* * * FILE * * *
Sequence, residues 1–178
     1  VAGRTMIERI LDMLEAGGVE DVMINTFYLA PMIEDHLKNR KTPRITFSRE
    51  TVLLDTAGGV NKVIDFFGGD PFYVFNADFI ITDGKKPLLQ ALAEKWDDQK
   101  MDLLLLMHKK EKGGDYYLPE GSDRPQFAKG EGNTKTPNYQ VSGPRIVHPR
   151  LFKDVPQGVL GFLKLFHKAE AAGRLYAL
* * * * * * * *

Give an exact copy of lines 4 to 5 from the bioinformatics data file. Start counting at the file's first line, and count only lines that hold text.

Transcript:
   101  MDLLLLMHKK EKGGDYYLPE GSDRPQFAKG EGNTKTPNYQ VSGPRIVHPR
   151  LFKDVPQGVL GFLKLFHKAE AAGRLYAL